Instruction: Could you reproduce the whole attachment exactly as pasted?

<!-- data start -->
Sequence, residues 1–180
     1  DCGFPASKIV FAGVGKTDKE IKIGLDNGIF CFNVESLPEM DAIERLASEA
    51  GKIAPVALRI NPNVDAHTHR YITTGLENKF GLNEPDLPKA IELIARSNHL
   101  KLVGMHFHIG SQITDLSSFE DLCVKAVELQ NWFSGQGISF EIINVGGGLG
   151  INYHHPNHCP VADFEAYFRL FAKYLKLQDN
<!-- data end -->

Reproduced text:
Sequence, residues 1–180
     1  DCGFPASKIV FAGVGKTDKE IKIGLDNGIF CFNVESLPEM DAIERLASEA
    51  GKIAPVALRI NPNVDAHTHR YITTGLENKF GLNEPDLPKA IELIARSNHL
   101  KLVGMHFHIG SQITDLSSFE DLCVKAVELQ NWFSGQGISF EIINVGGGLG
   151  INYHHPNHCP VADFEAYFRL FAKYLKLQDN